What’s your Required Minimum Distribution? Run the numbers with our RMD calculator.
Have a traditional IRA or other tax-deferred retirement accounts? You may be required to take annual withdrawals, or RMDs. Use our RMD calculator to find out when and how much you may need to take, depending on your age. Questions? Call 866-855-5636.
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Once you have your RMD, what's next?
Quick answers to Frequently Asked Questions (FAQs)
- What's an RMD or mandatory IRA withdrawal?
Depending on your date of birth, the IRS requires you to take money out of most types of retirement accounts. These mandatory withdrawals are called required minimum distributions (RMDs). Note: The RMD age changed from 70½ to 72 when the SECURE Act passed in 2019. If you turned 70½ before 2020, you may be subject to RMDs. If you turned 70½ in 2020 or beyond, your RMDs begin at age 72.
- When do I take my first RMD?
The RMD age changed from 70½ to 72 when the SECURE Act passed in 2019. Once you reach your RMD age (either age 70½ or age 72, depending on your date of birth) you'll need to take your RMDs by December 31st every year. There is an exemption to this rule in the first year: you have the option to wait until April 1st the following year to take your first RMD. Though if you do wait, you'll have to take your first and second RMD in the same year.
- What happens if I don't take my RMD?
If you don't take the full amount of your RMD, you may be liable for an IRS penalty of up to 50% of the portion of the RMD that was not withdrawn. If you’ve already scheduled or taken the full amount of your RMD at another financial institution, you don't need to withdraw additional funds from your Schwab IRA(s).
- Which retirement accounts are subject to RMDs?
You must take an RMD for these types of retirement accounts:
IRAs (Individual Retirement Accounts)
- SEP (Simplified Employee Pension)
- SIMPLE (Savings Incentive Match Plan for Employees)
Qualified Retirement Plans1 (QRPs)
- Individual 401(k)
- Are Roth IRAs subject to RMDs?
Generally, no, you don't need to take an RMD for a Roth IRA unless you inherited one.
- Is an inherited IRA/beneficiary IRA subject to RMDs?
Because the SECURE Act changed the laws regarding inherited IRAs, people will generally fall under one of two rules. Those under the old rules may be required to take RMDs from inherited IRAs. Those under the new 10-year rule may not have an annual RMD. We recommend consulting with your tax or financial advisor, as these new rules can be complex.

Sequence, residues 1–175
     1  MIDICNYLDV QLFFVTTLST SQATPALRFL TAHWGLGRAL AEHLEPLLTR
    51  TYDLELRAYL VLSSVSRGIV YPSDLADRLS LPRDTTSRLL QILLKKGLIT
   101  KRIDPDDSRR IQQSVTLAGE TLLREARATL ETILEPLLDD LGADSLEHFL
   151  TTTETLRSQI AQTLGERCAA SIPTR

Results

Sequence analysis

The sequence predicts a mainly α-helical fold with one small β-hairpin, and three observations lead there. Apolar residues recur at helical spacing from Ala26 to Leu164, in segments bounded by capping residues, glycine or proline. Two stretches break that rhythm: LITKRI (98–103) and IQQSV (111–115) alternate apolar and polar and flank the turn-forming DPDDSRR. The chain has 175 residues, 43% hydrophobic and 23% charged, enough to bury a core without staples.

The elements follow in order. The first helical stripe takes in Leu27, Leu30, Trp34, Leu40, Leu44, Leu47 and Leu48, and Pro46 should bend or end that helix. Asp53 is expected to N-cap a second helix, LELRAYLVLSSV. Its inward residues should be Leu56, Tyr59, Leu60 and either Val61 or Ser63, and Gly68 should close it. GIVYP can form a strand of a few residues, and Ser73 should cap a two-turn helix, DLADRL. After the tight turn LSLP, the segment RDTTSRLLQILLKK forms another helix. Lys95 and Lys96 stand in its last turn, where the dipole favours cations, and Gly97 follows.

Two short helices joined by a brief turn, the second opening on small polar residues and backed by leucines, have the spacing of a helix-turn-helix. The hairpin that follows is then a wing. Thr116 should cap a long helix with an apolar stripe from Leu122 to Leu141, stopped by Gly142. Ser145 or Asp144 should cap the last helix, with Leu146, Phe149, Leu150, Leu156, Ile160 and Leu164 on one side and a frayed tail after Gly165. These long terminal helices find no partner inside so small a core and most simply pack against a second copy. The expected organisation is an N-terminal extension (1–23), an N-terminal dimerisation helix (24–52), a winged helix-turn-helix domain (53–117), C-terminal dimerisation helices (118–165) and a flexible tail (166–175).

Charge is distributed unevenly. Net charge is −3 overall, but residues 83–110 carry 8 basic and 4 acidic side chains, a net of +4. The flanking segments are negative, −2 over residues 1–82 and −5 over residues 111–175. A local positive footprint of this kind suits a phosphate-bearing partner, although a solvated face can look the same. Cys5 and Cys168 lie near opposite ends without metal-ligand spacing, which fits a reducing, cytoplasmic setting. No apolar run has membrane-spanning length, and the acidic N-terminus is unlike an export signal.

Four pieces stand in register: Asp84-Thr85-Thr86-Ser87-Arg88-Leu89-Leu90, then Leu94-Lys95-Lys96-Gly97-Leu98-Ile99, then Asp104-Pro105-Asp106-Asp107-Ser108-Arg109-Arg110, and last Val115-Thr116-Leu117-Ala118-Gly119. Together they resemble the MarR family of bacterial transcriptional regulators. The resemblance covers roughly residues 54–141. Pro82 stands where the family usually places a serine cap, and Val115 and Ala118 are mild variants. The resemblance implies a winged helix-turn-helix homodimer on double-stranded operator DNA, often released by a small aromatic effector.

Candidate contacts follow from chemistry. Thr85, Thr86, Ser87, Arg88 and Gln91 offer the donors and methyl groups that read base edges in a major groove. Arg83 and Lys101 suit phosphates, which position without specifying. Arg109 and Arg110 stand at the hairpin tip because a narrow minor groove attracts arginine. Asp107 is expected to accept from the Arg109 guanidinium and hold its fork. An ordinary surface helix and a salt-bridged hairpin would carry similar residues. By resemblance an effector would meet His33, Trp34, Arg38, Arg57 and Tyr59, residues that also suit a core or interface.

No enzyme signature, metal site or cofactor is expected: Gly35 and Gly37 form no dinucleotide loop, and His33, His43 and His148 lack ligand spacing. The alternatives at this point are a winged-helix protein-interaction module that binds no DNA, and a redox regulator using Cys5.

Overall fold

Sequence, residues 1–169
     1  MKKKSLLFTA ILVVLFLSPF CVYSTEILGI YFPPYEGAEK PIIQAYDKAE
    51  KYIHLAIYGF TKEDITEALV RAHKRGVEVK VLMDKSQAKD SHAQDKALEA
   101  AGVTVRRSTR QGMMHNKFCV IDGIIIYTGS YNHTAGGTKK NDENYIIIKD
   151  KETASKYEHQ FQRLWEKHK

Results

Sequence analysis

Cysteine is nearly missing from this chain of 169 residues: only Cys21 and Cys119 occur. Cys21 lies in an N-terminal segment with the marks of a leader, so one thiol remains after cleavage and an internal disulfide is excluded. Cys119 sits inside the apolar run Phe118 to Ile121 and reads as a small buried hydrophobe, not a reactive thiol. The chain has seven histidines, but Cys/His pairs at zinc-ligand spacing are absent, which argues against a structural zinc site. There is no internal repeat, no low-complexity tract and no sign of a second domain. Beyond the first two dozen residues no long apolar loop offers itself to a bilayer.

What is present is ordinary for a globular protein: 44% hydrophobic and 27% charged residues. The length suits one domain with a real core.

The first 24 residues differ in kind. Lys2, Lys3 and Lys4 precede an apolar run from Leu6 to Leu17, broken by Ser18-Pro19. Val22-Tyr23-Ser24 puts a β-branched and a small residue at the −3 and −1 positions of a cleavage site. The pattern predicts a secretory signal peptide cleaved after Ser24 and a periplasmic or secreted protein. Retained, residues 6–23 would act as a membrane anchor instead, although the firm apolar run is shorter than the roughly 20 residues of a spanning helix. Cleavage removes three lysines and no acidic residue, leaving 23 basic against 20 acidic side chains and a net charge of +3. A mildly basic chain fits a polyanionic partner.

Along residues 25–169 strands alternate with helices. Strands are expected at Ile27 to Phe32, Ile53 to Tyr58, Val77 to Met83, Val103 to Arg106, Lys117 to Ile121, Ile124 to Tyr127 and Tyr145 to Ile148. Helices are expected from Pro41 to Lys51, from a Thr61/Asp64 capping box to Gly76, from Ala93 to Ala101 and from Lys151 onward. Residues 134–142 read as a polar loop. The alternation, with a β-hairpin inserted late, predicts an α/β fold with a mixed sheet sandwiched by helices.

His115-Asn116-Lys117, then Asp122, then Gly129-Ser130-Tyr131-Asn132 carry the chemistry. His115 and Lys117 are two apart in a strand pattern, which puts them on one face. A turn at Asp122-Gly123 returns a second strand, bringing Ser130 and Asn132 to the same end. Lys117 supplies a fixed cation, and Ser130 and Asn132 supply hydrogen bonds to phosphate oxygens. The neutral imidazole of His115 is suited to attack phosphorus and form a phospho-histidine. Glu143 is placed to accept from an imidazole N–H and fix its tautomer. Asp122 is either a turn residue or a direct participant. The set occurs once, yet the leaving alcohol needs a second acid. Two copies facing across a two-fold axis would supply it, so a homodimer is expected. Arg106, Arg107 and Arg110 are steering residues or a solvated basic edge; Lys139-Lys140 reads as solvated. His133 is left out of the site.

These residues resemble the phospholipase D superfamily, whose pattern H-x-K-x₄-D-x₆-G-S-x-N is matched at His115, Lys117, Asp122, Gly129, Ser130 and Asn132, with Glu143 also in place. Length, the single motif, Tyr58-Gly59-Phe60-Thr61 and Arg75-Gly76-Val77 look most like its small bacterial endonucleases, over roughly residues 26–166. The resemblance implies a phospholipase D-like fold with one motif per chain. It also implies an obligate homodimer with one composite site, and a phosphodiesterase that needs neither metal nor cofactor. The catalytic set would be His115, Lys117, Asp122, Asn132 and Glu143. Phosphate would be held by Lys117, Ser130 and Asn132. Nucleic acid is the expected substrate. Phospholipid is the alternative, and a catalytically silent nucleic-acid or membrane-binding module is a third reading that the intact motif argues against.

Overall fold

- Who falls under the old rules for inherited IRA distributions?
If the IRA owner passed away before 2020, you will likely fall under the old distribution rules. Certain eligible designated beneficiaries can also fall under the old distribution rules. We recommend consulting with your tax or financial advisor to determine which distribution rules apply in your situation.
- Who are eligible designated beneficiaries?
- Surviving spouses
- Minor children up to age of majority
- Disabled individuals—under strict IRS rules
- Chronically-ill individuals
- Individuals no more than 10 years younger than the IRA owner, such as siblings near the same age
- Who's subject to the 10-year rule for inherited IRAs and how does it work?
If you are not an eligible designated beneficiary, or you inherited the IRA after 12/31/2019, you fall under the new 10-year distribution rules. Which means you can distribute the assets any way you want, as long as all the assets have been distributed before the end of the 10th year. There's no annual RMD under the 10-year rule. If you fail to distribute all of the assets after the 10th year, those assets will be subject to a 50% penalty, or excise tax.
- Which calculator do I use if I inherited an IRA from my spouse?
You can use the Traditional IRA calculator if you've inherited an IRA from a spouse.
- How is my RMD calculated?
The amount of your RMD is usually determined by the fair market value (FMV) of your IRA as of December 31 of the previous year, factored by your age and your life expectancy using the uniform life expectancy method. Sometimes FMV and RMD calculations need to be adjusted after December 31. If you had a transfer or rollover to your Schwab retirement account(s), a conversion from a traditional IRA to a Roth IRA and back, or any correction for security price after year-end, please call us at 877-298-8010 so we can recalculate your RMD.
- Can I take more than the minimum IRA withdrawal after age 59 ½?
Yes, you can withdraw more than the RMD from your IRAs without IRS penalty. Remember, these withdrawals will generally be taxable as ordinary income and won't satisfy your RMD requirements in future years. We recommend consulting with your tax advisor.
- Do I have to pay taxes on my RMD from a tax-deferred account?
The total amount of your RMD is generally taxed as ordinary income at your personal federal income tax rate. State taxes may also apply. Your tax liability and any tax withholding you elect are based on your home (legal) address.
- Can I reinvest my RMD back into a tax-advantaged retirement account?
No, RMDs can't be reinvested back into an IRA or 401(k), or rolled into another tax-favored retirement account. So, if you don't need it for living expenses, what can you do? Invest it in a taxable brokerage account. Save it in a bank account. Donate to a charity. Contact us for ideas suited to your needs.